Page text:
I was thinking about all the attention to little details to embellish almost every scene. I was thinking about that ball bouncing into what should have been an otherwise serious hearing; I was thinking about the desperation in every pore and crease of Anant Jog's face. I was thinking about the chaos of protest, of impassioned mobs and of fervent futile idealism presented in the brightest hues. I was thinking about each song loaded with the sharpest lyrics in many months. I was thinking about the item song that fit so well in the narrative, that was interrupted (as it would have been in real life) by the appearance of a political biggie. I was thinking about Abhay Deol's accent and how it added the extra something to his poise and demeanour without standing out as an acting exercise. I was thinking about Emraan Hashmi turning a new corner and doing what might be his best work as the pornographer/video photographer with horrible teeth. I was thinking about how almost no character in the film really seemed truly white or truly black. You could understand the futility of those driven to ill deeds in the quest for something better than their wretched conditions. I could understand (and perhaps not stomach) the pragmatic path that some people had chosen. I also saw how justice could seem as rich as skimmed milk. I liked how the last time we see the hospital is introduced as a sound that makes sense later and then continues as a long shot tracking faces and ending with a tear.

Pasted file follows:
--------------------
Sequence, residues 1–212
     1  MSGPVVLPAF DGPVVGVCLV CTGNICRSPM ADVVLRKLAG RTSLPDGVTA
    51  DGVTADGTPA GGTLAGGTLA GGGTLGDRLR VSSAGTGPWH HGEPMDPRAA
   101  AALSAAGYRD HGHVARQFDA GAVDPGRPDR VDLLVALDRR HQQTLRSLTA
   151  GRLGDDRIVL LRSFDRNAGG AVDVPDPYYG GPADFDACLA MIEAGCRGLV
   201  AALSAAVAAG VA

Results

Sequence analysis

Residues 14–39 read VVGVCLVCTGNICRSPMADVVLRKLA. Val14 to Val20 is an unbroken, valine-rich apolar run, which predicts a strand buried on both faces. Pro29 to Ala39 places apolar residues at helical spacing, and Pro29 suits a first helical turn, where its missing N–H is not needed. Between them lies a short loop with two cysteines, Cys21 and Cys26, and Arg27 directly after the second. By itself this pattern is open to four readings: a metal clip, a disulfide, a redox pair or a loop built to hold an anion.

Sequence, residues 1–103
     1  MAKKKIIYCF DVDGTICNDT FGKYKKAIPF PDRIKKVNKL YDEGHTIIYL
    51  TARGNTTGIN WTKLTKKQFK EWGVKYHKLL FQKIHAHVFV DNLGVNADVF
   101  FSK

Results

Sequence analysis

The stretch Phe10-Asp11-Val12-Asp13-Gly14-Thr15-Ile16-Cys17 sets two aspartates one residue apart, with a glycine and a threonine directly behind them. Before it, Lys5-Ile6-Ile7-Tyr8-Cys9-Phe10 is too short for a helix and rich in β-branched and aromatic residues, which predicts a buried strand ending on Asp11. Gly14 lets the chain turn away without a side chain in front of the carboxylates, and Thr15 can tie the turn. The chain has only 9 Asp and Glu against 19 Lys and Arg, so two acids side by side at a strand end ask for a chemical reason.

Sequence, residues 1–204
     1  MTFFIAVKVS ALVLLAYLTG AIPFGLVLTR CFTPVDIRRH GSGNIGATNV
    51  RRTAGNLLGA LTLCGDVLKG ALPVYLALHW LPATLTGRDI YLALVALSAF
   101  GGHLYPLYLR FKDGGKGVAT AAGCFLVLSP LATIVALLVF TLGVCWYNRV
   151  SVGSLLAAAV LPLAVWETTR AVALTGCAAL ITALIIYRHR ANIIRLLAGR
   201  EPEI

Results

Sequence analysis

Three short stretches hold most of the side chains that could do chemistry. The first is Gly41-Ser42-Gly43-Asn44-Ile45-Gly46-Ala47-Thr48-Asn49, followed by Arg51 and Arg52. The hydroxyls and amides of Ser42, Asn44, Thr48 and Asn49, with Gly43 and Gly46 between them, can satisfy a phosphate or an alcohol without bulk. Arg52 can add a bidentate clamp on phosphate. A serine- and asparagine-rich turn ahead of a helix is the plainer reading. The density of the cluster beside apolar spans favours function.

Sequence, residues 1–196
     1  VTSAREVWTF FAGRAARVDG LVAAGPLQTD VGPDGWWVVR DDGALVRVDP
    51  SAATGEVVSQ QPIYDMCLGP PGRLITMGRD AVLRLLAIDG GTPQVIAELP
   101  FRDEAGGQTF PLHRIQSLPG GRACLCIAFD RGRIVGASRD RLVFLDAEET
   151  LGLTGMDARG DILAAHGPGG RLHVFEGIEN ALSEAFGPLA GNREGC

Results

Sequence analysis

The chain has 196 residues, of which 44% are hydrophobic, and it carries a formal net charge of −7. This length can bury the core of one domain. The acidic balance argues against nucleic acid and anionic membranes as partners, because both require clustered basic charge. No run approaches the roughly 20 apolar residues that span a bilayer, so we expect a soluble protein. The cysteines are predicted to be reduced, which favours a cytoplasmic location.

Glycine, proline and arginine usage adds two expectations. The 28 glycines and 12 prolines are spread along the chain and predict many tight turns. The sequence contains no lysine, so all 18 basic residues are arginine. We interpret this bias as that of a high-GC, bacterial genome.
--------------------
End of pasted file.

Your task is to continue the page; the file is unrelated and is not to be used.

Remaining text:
This is a fine film worth every anna (or whatever the lowest meaningful denomination is today in inflated India) of your ticket's price. But this film is not going to entertain you in the least. You won't really enjoy the fervour of bhaarat maataa kii jay because it's after all a paean to dengue and malaria as well as to the Golden Bird of yore. You can't ogle at the lady sashaying and wiggling away in imported kamariyaa because the song is never allowed to stay long enough to titillate you. You don't have a 5-minute obligatory sad song running over a montage of sad people. You don't have jingoism making it easier for you to take sides. You just sit and squirm each time you laugh or smile, because you realise that it was no laughing matter at all.
And because this is hardly an entertaining film, I fear that Dibakar Banerjee's brilliant adaptation of a Greek novel that already sired a classic in 1969 will find few takers. It will get the good notes from people who cannot influence the masses enough. It may survive with a recommendation or two from the few that may have ventured to the cinema halls and picked this instead of Ridley Scott's compelling Prometheus or that execrable piece of dung called Rowdy Rathore. But it will not change the inevitable results this weekend: Prabhu Deva's latest directorial venture will surely triumph. And India will continue to progress.